1. There's a neat interactive map detailing metropolitan job growth up on their cite. I note this because it's based on data that I provided from a brief I wrote recently on the same topic. This version is prettier than mine.
2. UI is starting a new Infrastructure Initiative to "inform the public and government officials about the high-stakes choices in developing, operating, maintaining, and financing transportation networks, water and sewer systems, wireless and broadband communications, and the electrical grid. It will examine the fiscal, social, and environmental costs and benefits of policy tradeoffs at the national, state, and local levels." This is very exciting. They had a transportation research center several decades ago, but that was phased out. It's a shame we didn't have this in 2008/2009. It probably could have spoken to a lot of the stimulus debate. Macroeconomic policy is in an awkward position in the Urban Institute. It can be slipped into our work on the budget, taxes, or labor markets, of course - but there's no natural home for it.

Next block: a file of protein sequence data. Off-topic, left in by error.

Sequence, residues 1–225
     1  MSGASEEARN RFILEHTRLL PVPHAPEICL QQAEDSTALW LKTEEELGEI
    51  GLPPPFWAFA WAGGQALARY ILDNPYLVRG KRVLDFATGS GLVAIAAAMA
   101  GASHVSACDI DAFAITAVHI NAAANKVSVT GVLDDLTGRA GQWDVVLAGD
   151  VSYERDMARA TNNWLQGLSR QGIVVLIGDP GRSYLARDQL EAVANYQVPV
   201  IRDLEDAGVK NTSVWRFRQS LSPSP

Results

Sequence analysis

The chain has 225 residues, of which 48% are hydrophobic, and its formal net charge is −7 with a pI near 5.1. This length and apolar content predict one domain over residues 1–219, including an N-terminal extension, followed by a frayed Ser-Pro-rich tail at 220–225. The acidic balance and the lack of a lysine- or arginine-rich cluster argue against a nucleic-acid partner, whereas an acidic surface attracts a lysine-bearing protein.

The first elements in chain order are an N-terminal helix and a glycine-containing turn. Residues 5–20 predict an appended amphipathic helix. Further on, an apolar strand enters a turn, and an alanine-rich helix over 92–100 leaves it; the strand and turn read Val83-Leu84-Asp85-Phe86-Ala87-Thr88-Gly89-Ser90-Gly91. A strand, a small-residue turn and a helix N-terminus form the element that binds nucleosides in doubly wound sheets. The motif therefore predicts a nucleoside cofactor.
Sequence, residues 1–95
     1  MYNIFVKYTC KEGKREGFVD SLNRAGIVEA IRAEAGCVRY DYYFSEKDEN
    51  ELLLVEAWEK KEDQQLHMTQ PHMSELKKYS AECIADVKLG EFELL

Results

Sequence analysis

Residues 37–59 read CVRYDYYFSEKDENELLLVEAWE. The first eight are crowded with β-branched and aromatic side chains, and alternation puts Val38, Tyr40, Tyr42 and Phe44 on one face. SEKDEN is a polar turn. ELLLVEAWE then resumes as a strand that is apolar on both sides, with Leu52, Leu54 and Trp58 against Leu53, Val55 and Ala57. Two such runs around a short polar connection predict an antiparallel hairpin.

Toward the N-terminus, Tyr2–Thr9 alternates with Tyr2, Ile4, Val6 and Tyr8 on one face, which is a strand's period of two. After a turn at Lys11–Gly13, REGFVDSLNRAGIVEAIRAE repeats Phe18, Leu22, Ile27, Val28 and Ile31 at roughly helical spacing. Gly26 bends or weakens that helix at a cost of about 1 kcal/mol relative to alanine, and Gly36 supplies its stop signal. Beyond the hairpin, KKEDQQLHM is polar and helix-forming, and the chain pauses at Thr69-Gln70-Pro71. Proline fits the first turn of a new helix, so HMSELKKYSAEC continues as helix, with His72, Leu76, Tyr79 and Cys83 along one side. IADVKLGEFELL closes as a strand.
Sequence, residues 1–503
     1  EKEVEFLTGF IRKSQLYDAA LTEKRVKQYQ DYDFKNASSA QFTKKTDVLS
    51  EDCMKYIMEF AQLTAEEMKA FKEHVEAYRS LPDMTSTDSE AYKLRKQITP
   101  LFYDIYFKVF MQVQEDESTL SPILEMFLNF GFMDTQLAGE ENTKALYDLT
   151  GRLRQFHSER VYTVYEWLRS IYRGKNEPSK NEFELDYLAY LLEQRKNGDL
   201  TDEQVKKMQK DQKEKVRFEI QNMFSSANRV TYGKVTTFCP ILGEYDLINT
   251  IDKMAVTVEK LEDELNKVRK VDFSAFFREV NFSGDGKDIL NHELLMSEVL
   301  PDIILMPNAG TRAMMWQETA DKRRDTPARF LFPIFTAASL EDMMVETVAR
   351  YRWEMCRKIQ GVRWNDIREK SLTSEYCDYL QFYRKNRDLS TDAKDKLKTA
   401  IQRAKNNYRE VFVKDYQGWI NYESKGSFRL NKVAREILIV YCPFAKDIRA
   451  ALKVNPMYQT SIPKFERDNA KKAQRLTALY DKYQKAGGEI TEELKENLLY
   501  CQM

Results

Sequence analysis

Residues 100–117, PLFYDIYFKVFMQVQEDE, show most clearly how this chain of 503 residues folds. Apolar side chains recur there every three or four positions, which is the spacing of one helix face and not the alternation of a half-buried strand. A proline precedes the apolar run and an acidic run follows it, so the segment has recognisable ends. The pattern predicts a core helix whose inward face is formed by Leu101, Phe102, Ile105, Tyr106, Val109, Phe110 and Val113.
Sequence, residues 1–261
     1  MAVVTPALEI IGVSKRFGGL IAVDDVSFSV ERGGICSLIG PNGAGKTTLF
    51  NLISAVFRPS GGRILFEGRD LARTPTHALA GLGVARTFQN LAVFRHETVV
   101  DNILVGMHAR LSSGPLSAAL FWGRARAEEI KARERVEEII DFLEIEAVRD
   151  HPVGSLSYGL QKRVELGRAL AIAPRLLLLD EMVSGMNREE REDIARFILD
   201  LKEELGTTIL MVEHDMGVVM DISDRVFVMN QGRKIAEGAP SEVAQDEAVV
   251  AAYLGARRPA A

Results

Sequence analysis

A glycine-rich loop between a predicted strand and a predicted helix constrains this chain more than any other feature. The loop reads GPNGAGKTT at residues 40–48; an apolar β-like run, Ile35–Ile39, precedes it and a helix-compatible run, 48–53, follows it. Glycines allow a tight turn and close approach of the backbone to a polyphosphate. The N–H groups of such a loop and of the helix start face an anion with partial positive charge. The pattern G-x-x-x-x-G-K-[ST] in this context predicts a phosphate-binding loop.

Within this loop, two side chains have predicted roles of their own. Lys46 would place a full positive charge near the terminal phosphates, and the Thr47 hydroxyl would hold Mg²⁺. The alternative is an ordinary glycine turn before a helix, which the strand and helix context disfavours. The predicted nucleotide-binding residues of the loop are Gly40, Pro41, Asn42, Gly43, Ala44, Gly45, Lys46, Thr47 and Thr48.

The nature of economic laws
3 hours ago